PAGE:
Brain disease

Looking at ketamine, the short-term wonder antidepressant

Illustration of bottle of antidepressant drug Ketamine with a sad face turning into a happy face
Illustration: Lazaro Gamio/Axios

A key to preventing depression relapse could be figuring out how to maintain the dendritic spines in the neurons, according to a study published on Thursday in Science that examined an antidepressant that's getting a lot of buzz called ketamine.

Why it matters: Depression affects nearly 20% of Americans — 80% of whom will endure a relapse after remission and 30% of whom will have treatment-resistant depression (TRD). Ketamine has been lauded for alleviating TRD in an amazingly short amount of time — but the side effects are quite serious, no one knows quite how it works, and the positive effect doesn't last long.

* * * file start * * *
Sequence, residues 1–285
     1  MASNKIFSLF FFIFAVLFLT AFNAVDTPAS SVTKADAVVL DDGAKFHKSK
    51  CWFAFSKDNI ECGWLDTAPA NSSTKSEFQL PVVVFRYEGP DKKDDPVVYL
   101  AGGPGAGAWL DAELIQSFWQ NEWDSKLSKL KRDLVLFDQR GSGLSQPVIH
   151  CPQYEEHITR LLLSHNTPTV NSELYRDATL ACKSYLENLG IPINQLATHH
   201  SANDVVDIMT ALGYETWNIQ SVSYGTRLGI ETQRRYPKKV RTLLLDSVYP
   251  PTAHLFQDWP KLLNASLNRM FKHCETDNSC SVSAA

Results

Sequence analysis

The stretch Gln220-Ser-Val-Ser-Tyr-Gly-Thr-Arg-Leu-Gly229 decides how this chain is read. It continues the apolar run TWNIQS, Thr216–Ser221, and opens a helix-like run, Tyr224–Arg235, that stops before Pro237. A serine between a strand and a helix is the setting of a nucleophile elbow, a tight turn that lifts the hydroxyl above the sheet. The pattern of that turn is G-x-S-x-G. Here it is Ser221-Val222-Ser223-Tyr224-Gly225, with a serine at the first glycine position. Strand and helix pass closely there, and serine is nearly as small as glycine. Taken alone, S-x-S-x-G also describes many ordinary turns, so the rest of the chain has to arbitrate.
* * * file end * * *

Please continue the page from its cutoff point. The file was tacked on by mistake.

Despite recent drug fails, there's hope for Alzheimer's diagnostics

A man records the 2-mile Walk to End Alzheimer's finish in Huntington Beach on Saturday, October 6, 2018.
A man records the 2-mile Walk to End Alzheimer's finish in Huntington Beach on Saturday, October 6, 2018. Photo: Mindy Schauer/Digital First Media/Orange County Register via Getty Images

Scientists are seeking early diagnostics for Alzheimer's that could predict who is likely to develop the disease before noticeable symptoms materialize. In recent months, a large study was published showing that certain PET scans can lead to more accurate diagnoses, while other researchers are looking for disease biomarkers that may be evident in the eye, spinal fluid or the blood.

Why it matters: Alzheimer's, which is expected to affect 14 million Americans by 2060, starts decades before outward signs are indicated. While high-profile drug treatment trial failures, which were aimed at halting the degenerative disease, have occurred recently, scientists believe there are steps people can take that may help delay memory loss or alleviate other symptoms — and catching Alzheimer's early may be especially beneficial.